The state of Texas has a long history of regulating cannabis use. Since 1915, when the first city ordinance was passed banning cannabis in El Paso,[i] the legal landscape in Texas and the rest of the country continues to evolve at different rates. This has resulted in widely varying defined legal guidelines and consequences from the use and possession of cannabis. These legal guidelines/laws related to cannabis continue to be enacted, repealed, and debated in the Texas Legislature today, evidencing strong public sentiment for more accepted, legally permissible uses of cannabis and cannabis products. In recent years, most major cities in Texas have launched programs and adopted policies that reduce, or even eliminate, penalties for the possession of cannabis.[ii] While the Texas Legislature has been slow in changing its position formally in the enactment of laws, a number of bills in the Texas House and Senate being considered during the 2023 session show that a spark continues to create a legal landscape that would foster the participation of Texans and the State of Texas in the lucrative and public-serving cannabis industry.
Recreational use of cannabis in Texas remains restrictive, with law enforcement being inconsistent even between Texas cities. The medicinal use of cannabis in the Texas Compassionate Use Act (the “Act”, 2015), provides for the medical sale and use of cannabis for individuals with specific defined illnesses.[iii] The Act was originally intended for patients with intractable epilepsy and was expanded in 2019 and 2021 to include other physical and mental illnesses (cancer, multiple sclerosis, post-traumatic stress disorder).[iv] Currently, the Act permits a qualified physician to prescribe “low-THC cannabis” (1% by weight tetrahydrocannabinol (“THC”)) for a greater number of conditions.[v] Even with this, Texas is still considered to have one of the most restrictive medicinal cannabis programs in the nation and currently forecloses the prescription of medicinal cannabis permitted in many other states.[vi]
The 2023 Texas Legislature is advancing legislation that would amend the definition of “low-THC” cannabis to a level more consistent with other states and further expand the scope of conditions that medicinal cannabis treatment may be prescribed. Specifically, H.B. 1805 (the “Bill”) seeks to change the definition of “low-THC” cannabis to an increased amount (10 mg/dosage unit, an increase from the current definition of up to 1% by weight).[vii] [viii] Enactment of the Bill into law would expand treatment eligibility to those diagnosed with (a) a condition of chronic pain that a doctor would otherwise prescribe an opioid and (b) a debilitating medical condition designated by the Department of State Health Services.[ix] On April 12, 2023, the Bill was approved by the House of Representatives by an overwhelming majority (127-19) and, as of April 18, 2023, it has moved to the Senate and is under review by the Committee of Health and Human Services.[x] The enactment of the Bill would have a significant positive impact on the Texas cannabis industry and potentially the Texas economy, as legal blocks that prohibit capture of a market share in this growing industry by Texas businesses would be removed.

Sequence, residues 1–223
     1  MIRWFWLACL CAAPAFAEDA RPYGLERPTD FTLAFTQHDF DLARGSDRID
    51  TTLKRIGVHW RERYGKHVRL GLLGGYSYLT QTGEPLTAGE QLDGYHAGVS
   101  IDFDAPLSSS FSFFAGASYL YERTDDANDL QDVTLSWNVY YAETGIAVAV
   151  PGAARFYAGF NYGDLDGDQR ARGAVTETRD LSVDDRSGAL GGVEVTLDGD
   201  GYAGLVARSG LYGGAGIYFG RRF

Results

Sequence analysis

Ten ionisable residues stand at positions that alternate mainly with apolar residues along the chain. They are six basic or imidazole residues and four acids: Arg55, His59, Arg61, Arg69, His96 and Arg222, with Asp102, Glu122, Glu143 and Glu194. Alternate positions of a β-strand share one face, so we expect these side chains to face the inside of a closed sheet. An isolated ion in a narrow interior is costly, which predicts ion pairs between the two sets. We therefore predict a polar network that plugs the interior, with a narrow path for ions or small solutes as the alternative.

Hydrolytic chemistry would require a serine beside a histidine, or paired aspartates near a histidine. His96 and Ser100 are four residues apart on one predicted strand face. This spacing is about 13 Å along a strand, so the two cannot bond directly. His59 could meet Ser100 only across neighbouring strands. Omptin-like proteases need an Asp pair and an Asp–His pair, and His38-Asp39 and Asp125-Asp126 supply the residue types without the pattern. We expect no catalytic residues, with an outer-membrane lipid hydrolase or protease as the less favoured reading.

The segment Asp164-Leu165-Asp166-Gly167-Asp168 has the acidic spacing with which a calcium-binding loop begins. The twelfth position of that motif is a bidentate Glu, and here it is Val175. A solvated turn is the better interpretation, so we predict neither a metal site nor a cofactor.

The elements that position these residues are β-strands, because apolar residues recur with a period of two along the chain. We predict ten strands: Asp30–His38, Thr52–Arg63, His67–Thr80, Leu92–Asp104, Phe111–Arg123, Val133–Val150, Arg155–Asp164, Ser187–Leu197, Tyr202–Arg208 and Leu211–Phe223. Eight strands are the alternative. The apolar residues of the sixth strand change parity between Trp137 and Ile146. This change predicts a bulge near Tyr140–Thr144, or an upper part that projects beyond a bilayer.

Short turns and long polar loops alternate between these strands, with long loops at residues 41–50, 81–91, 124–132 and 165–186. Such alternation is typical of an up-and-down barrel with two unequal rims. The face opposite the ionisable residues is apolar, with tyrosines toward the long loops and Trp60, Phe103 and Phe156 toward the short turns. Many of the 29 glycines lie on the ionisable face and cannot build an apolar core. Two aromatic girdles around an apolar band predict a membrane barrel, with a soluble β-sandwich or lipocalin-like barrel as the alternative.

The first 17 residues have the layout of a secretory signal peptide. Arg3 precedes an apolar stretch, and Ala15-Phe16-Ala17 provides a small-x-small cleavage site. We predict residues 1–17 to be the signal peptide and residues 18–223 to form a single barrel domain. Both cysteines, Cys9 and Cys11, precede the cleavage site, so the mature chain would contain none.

As support for less restrictive cannabis regulation grows, with a vast majority of Texas voters supporting medical use (82%) and recreational use (67%), and laws/regulations continue to evolve, a greater opportunity for cannabis and cannabis-related business and commerce to grow in Texas on par with benefits enjoyed by other states, appears on the horizon.[xi] With only three licensed medical cannabis dispensaries in the state,[xii] plenty of room remains for entry and growth of new cannabis and cannabis-related industry in Texas as the Texas legal landscape surrounding cannabis evolves.
The Dykema Cannabis Industry Group will continue to monitor and provide updates on the status of cannabis laws in the State of Texas. If you have any questions about this article or about the current state of Texas cannabis laws, please contact Denise Mayfield (Austin, San Antonio) or Antonio Cifuentes (Dallas).
[ii] Austin – https://www.texastribune.org/2020/07/02/austin-police-marijuana-decriminalization/
Dallas – https://www.dallasobserver.com/news/dpd-changes-weed-pollicy-just-in-time-for-4-20-12009189
El Paso – https://www.elpasotimes.com/story/news/2020/05/13/el-paso-city-council-votes-cite-and-release-pot-weed/5183041002/
Houston – https://www.chron.com/news/houston-texas/article/New-policy-to-decriminalize-marijuana-in-Harris-10935947.php
San Antonio – https://web.archive.org/web/20190521220518/https://foxsanantonio.com/news/local/cite-and-release-program-to-start-this-summer-in-san-antonio-district-attorney-says
[iii] Tex. Health & Safety Code § 487.001 et seq.
[iv] Texas State Law Library – Cannabis and the Law – https://guides.sll.texas.gov/cannabis/compassionate-use#:~:text=The%20Texas%20Compassionate%2DUse%20Act,THC%20cannabis%20to%20qualified%20patients.&text=This%20chapter%20of%20Texas%20law,cannabis%20to%20certain%20qualifying%20patients.
[v] Tex. Occ. Code § 169.001 et seq.
[vii] Tex. H.B. 1805, 88th Leg., R.S. (2023).
[x] Texas Legislature Online – https://capitol.texas.gov/BillLookup/History.aspx?LegSess=88R&Bill=HB1805
[xi] The Hobby School of Public Affairs at the University of Houston, Texas Legislative Issues 2023 – Marijuana, p. 2 – 3 (2023).